Have you ever thought about your role as a Purchasing Agent? Or are you like most people who just buy stuff?
You might find it interesting to know that you need formal qualifications to buy things for a living. In Australia, the Diploma of Purchasing “qualifies you to apply integrated technical and theoretical concepts in a broad range of contexts” in your role as a Purchasing Manager.
And that the Chartered Institute of Procurement and Supply is an international professional association “dedicated to promoting best practice.”
I hope this gives you the idea that business takes purchasing very seriously; hiring appropriately trained and experienced professionals as purchasing agents to negotiate purchases on their behalf.
The Domestic Purchasing Agent
A good purchasing agent (business or domestic) can save a lot of money by thinking carefully about the shopping. And these days it’s important to know how to get the best value from your shopping – maybe as important as knowing how to save.
The Philately Precedent
Before we get into purchasing, let’s look at the example of a stamp collector. You start out knowing nothing, but over time you learn a lot. Like how to pick a good quality stamp from a pile of lesser stamps. And know how to store them to preserve their value. Plus you get an idea of what they should cost, where to get competitive prices. and develop relationships with those dealers. And so on.
This is the sort of knowledge you need to start developing and tailoring your Spending Plan.
Purchasing Agent Responsibilities
Your role as a purchasing agent has three main responsibilities.
1. Maximise value while minimising waste
Buying stuff you don’t use is a waste. There are the costs of production, transport, storage, and disposal; all part of the purchase price. Which is why my mother always used up the leftovers in Friday night curries!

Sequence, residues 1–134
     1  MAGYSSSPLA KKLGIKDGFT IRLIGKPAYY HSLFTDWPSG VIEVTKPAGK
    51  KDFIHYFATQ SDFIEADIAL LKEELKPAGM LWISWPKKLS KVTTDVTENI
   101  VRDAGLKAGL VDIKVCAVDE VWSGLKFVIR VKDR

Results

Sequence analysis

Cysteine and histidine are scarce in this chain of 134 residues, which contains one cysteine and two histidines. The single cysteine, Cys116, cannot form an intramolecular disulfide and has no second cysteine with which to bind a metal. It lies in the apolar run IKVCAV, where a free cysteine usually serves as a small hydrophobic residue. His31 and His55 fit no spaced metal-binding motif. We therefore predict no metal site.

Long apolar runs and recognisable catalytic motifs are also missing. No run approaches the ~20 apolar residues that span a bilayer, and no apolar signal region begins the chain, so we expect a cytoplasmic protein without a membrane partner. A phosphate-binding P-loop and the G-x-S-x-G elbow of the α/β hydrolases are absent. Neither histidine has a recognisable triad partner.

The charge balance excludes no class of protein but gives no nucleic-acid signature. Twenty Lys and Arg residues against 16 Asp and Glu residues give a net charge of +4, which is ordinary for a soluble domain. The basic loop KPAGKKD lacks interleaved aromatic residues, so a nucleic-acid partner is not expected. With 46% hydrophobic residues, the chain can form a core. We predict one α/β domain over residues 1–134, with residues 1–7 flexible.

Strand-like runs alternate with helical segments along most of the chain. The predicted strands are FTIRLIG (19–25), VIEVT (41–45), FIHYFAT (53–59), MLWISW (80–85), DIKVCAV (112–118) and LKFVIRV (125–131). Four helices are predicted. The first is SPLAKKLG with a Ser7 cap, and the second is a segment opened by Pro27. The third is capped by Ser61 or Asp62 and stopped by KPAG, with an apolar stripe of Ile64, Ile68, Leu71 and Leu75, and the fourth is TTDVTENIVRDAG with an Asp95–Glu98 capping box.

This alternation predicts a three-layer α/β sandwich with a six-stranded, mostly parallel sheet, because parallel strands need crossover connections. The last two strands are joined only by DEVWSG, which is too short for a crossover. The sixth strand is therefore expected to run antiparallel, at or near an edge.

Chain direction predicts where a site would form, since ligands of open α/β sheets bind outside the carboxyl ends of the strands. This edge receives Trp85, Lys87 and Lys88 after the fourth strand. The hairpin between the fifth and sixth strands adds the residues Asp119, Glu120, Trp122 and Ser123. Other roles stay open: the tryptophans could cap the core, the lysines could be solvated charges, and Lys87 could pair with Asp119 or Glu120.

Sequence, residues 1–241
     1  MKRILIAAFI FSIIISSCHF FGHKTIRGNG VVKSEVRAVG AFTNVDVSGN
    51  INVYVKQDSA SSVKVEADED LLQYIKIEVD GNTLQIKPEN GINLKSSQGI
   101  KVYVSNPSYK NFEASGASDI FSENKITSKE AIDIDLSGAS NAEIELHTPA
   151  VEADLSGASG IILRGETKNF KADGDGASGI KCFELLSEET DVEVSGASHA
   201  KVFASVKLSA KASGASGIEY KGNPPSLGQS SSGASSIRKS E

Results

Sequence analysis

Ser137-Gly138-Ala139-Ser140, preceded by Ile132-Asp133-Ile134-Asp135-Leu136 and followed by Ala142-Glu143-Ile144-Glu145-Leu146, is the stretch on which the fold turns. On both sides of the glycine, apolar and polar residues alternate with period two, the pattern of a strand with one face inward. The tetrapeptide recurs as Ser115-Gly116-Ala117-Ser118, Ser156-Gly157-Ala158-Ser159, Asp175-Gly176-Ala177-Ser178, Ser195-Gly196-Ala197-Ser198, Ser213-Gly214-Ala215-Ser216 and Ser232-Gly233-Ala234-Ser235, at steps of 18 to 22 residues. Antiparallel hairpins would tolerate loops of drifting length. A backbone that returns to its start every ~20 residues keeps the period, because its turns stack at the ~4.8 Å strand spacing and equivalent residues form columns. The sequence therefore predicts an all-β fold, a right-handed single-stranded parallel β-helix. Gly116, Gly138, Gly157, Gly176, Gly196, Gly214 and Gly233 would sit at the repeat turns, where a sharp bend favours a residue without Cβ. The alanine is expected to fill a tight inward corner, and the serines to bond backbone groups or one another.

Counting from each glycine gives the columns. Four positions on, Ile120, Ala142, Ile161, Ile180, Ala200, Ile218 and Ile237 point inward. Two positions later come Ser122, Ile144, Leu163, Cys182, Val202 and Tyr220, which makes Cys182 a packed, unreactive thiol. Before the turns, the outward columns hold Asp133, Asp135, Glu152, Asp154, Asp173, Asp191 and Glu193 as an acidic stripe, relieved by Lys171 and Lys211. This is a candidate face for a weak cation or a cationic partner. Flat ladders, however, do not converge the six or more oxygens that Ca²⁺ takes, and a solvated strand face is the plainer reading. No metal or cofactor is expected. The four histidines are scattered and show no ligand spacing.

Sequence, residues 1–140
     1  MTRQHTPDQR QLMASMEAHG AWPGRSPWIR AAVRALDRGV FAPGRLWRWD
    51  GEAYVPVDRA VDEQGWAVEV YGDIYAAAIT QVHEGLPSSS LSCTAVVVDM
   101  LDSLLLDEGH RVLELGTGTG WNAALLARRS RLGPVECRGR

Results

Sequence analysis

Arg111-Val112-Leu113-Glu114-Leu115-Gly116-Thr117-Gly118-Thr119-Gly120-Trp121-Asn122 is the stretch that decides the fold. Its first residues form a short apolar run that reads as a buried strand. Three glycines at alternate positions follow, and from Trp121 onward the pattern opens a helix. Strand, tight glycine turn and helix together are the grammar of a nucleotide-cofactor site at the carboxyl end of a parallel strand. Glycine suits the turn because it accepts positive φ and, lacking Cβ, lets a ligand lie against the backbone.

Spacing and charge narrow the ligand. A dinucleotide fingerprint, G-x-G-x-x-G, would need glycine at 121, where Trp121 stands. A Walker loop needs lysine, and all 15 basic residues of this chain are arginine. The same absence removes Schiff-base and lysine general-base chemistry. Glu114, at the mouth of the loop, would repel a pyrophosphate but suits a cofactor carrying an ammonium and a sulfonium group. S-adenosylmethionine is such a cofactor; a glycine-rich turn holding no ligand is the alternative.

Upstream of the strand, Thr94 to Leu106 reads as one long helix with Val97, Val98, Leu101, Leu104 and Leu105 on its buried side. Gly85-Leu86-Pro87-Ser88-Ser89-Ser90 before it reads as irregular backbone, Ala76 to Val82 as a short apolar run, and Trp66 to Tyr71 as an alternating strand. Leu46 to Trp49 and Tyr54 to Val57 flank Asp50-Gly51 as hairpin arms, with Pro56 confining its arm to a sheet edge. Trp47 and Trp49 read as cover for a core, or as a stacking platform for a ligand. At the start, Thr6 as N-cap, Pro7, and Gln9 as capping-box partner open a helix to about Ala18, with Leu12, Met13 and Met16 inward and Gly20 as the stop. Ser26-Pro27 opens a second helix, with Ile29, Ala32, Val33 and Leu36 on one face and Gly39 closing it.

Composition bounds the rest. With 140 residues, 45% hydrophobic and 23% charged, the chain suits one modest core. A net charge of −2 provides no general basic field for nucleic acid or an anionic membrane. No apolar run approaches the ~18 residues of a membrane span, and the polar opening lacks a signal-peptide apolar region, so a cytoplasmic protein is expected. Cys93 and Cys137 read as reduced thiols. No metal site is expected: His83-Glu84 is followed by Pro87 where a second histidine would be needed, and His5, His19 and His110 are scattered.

And it’s not just the money, there’s also the toll on the environment – all those plastic bags floating in the ocean, and the nonrecyclable takeout coffee cups heading to landfill. What about those third world manufactured goods; how are the working conditions?
2. Consider additional costs
It’s easy and therefore common to just pop online, buy a single item, pay for express delivery (it’s only an extra $1), charge it to your credit card (not pay it off), have it turn up shortly after to find out it’s not suitable for one reason or another. And is too expensive or too much effort to return for a refund.
It takes up space in your cupboard, eventually becomes a last-minute gift, and shortly after finds its way to landfill. This can harm your relationships as well – we all prefer a gift that chosen for us based on our likes and dislikes.
3. Evaluate the time and effort required to maintain your purchases
At which point we come to food processors… Many of us own but don’t use them because it’s too much time and effort to clean them when we’ve finished with them. I only use mine a couple of times a year when I’m making a big crock of sauerkraut and prefer not to chop half a dozen cabbages by hand. Even though it takes almost as long to clean up after it.
Developing a Purchasing Plan
I touched a little on this concerning your responsibilities as a clothing shopper; having a budget, knowing what you need, and a firm intention to buy only the clothes that are in your plan.
And when I looked at good purchasing decisions, I talked about taking your vision, virtues and goals into account.
The purpose of your purchasing plan is to help you buy the right goods, at the right price, at the right time. Not so early you’re trying to find storage, but not so late that the need has passed.
Naturally, price is an important factor, but that’s not to say that cheapest is always best. Sometimes other aspects are more important. For example, having your purposefully chosen and gift-wrapped birthday gift sent directly to its recipient – saving on delivery costs and reducing the risk of running out of time.
And for this reason, you base your plan around what your calendar looks like. Plotting out the best time to buy new school supplies, when asparagus will be cheap and abundant (come on Spring!), and the last date to buy that gift so it will reach its new owner in time.
The main benefit of taking your role as a purchasing agent seriously is that you have a plan. You know what you’re going to buy and when you’re going to buy it. You can get that new water heater installed before the old one dies, avoiding the prospect of cold showers for a fortnight while you wait for installation of the new one.
And perhaps, you can avoid last-minute online purchases of goods you don’t need and probably won’t use. And the resulting agony of trying to find somewhere to put it, buyer’s remorse, and the inevitable torment of working up to disposing of it.
Do you have a plan for purchasing?